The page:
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Scientists Apply Raman Spectroscopy to COVID-19 Testing

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One of the most challenging aspects of the COVID-19 pandemic has been the lack of testing needed to detect and trace infections. Many tests use biochemicals that can be expensive and difficult to produce. These tests can require long turnaround times for test results and can produce a high number of false negative results.

A Northern Arizona University (NAU) research team, led by professor Miguel José Yacamán, is developing a new test technology for SARS-CoV-2 using single-molecule surface-enhanced Raman spectroscopy (SM-SERS). The researchers are applying concepts from the fields of nanotechnology, plasmonics, and 2D materials to their development process. “The project team will use nontraditional techniques to detect virus in infected patients,” Yacamán said. “We will develop an alternative method based on recent advances in physics related to the interaction of light with matter.”

NAU physicist and materials scientist Miguel José Yacamán is leading an interdisciplinary team to develop a new test technology for the coronavirus that is based on physics, not biochemicals, that could overcome the challenges presented by current shortages of test kits and test efficacy. Courtesy of Northern Arizona University.

NAU physicist and materials scientist Miguel José Yacamán is leading an interdisciplinary team to develop a new test technology for the coronavirus that is based on physics, not biochemicals, that could overcome the challenges presented by current shortages of test kits and test efficacy. Courtesy of Northern Arizona University.

The researchers will use SM-SERS to detect the S proteins of the SARs-Cov-2 virus, which are involved in infection at the cellular level. Yacamán previously used SERS to detect glycoproteins and sialic acid as a method of testing for breast cancer. This testing approach is now in the final approval stage for commercial use. 

Yacamán believes that his team’s research into SARS-CoV-2 testing could be the first step in developing a physics-based testing approach that would be fast and inexpensive, provide high sensitivity and specificity, and deliver a low percentage of false negatives. “This test will be a much more precise and reliable method to detect infections,” he said.

Once the test is developed, portable Raman equipment could allow the test to be used widely in many different populations — for example, in rural or remote communities or in point-of-care stations in schools, factories, and community centers, in addition to traditional testing sites.

The project is a joint effort between researchers in the Center for Materials Interfaces in Research and Applications (¡MIRA!), who will develop the new testing technology, and scientists in the Pathogen and Microbiome Institute (PMI), who will grow the SARS-CoV-2 virus in their labs.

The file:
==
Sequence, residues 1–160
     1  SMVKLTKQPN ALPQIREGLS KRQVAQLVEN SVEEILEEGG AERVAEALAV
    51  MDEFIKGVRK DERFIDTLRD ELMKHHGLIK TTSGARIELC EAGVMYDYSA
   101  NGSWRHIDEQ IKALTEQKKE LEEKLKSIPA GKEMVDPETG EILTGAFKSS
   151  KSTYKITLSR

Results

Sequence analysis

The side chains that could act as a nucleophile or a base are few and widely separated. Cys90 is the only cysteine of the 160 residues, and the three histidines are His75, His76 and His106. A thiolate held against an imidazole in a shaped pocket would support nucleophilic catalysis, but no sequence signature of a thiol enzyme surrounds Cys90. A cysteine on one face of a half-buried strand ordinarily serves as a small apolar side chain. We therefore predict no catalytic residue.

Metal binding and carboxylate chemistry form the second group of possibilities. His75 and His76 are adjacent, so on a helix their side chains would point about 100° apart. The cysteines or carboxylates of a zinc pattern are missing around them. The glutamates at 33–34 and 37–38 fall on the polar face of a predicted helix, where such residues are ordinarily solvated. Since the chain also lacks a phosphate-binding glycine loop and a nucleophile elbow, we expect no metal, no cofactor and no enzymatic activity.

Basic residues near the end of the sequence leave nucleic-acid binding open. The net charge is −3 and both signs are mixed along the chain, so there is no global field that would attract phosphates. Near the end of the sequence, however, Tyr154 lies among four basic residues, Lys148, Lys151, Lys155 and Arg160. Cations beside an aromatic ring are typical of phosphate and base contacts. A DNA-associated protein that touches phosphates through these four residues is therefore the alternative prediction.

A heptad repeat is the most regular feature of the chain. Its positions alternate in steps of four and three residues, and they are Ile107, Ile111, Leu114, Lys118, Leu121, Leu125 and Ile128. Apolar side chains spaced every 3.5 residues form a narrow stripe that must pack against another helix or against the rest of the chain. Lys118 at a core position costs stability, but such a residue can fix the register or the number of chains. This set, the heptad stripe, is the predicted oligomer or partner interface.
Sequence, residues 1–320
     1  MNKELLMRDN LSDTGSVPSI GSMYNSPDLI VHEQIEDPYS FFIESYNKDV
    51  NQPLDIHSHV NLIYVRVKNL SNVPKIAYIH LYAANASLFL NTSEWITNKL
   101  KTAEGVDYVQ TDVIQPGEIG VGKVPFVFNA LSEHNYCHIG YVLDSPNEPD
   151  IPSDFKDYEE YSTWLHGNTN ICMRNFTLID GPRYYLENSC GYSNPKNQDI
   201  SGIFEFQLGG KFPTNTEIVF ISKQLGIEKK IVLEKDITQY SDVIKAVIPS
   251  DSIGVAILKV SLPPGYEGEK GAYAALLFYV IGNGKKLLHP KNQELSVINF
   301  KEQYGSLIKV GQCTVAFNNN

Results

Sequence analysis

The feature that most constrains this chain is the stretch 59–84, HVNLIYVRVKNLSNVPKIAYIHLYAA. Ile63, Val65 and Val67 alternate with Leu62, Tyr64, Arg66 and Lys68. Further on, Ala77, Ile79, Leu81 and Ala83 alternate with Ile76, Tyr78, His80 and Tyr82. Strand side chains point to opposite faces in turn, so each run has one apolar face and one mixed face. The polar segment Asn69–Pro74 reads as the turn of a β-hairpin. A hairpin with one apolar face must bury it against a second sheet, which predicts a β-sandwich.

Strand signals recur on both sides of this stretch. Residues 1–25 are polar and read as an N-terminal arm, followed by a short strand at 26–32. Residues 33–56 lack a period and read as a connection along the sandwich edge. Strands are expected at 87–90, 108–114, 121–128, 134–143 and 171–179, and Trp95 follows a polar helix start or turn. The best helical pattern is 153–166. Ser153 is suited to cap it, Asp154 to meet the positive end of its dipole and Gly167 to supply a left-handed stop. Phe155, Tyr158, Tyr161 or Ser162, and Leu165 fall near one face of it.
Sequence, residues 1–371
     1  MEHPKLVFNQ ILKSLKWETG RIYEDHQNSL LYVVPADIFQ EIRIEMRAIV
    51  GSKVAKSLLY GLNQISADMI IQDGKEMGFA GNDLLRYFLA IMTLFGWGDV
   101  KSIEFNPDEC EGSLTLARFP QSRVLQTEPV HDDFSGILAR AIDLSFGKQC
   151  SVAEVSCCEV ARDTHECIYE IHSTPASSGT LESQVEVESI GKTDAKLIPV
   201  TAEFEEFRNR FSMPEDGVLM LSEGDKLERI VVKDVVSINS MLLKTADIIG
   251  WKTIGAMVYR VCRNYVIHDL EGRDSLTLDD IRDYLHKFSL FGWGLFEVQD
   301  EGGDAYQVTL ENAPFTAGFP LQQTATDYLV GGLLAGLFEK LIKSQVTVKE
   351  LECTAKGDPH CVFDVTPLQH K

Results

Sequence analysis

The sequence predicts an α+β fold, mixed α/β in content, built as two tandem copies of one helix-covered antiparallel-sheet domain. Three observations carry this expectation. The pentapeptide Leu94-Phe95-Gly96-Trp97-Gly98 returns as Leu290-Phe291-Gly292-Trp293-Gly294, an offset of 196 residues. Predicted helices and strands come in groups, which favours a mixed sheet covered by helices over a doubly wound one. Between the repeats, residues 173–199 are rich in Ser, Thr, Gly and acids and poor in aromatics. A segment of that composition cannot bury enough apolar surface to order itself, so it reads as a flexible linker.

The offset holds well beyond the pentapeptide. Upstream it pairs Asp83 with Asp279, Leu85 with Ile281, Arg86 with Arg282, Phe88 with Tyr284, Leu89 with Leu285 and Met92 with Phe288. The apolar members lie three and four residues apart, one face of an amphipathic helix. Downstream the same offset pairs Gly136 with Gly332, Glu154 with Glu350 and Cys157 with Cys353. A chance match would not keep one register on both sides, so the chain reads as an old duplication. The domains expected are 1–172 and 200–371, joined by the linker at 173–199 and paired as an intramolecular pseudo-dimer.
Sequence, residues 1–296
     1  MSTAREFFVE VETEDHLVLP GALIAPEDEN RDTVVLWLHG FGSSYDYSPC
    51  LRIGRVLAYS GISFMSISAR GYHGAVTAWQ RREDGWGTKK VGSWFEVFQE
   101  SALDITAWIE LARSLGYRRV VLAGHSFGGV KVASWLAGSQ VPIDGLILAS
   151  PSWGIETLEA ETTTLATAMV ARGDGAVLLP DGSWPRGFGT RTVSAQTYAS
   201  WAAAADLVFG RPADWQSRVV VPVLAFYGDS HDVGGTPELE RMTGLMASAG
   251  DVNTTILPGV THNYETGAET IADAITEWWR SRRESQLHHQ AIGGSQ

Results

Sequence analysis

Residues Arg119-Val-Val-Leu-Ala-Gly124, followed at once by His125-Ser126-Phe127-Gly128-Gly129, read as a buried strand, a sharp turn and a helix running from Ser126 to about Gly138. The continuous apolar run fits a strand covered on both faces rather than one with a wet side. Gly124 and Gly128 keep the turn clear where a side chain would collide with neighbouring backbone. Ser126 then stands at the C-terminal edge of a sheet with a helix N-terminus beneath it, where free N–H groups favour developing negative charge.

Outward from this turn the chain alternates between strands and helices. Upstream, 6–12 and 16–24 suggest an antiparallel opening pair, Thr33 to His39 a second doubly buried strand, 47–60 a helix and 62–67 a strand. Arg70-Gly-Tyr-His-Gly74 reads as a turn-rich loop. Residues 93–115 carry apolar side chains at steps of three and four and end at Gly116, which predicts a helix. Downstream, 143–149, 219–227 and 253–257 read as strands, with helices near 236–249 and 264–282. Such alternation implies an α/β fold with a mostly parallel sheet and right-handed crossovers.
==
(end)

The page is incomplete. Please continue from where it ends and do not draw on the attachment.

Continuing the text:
The project, called “Development of a New Test for SARS-CoV-2 Using Single Molecule Surface Enhanced Raman Spectroscopy,” was awarded a $200,000 grant from the National Science Foundation’s Rapid Response Research (RAPID) funding program supporting virus-related research. Although the team has one year to develop the new test, Yacamán plans to achieve this goal sooner. “Once widespread testing is underway, further analysis of the SM-SERS data will help scientists understand changes on the virus proteins and help develop antiviral drugs,” he said.

Photonics Handbook
GLOSSARY
nanotechnology
The use of atoms, molecules and molecular-scale structures to enhance existing technology and develop new materials and devices. The goal of this technology is to manipulate atomic and molecular particles to create devices that are thousands of times smaller and faster than those of the current microtechnologies.
raman spectroscopy
That branch of spectroscopy concerned with Raman spectra and used to provide a means of studying pure rotational, pure vibrational and rotation-vibration energy changes in the ground level of molecules. Raman spectroscopy is dependent on the collision of incident light quanta with the molecule, inducing the molecule to undergo the change.
single-molecule spectroscopy
An advanced technique that allows the detection of one molecule within a crystal or a cell through optical excitation. Single-molecule spectroscopy (SMS) can image at subwavelength scales, down to a dozen of nanometers. It has applications in various fields of natural science, including but not limited to biophysics, quantum physics and nanoscience. SMS helps clarify long-standing problems in chemistry and biology, such as observing and examining single molecules. It also provides critical...
Research & TechnologyeducationAmericasNorthern Arizona Universitylight sourceslight-matter interactionsspectroscopynanonanotechnologyplasmonicsmaterials2D materialsTest & Measurementsurface enhanced Raman spectroscopyRaman spectroscopysingle-molecule spectroscopyBiophotonicsmedicalCOVID-19coronavirusvirus testingSARS-CoV-2Tech PulseCOVID-19 News

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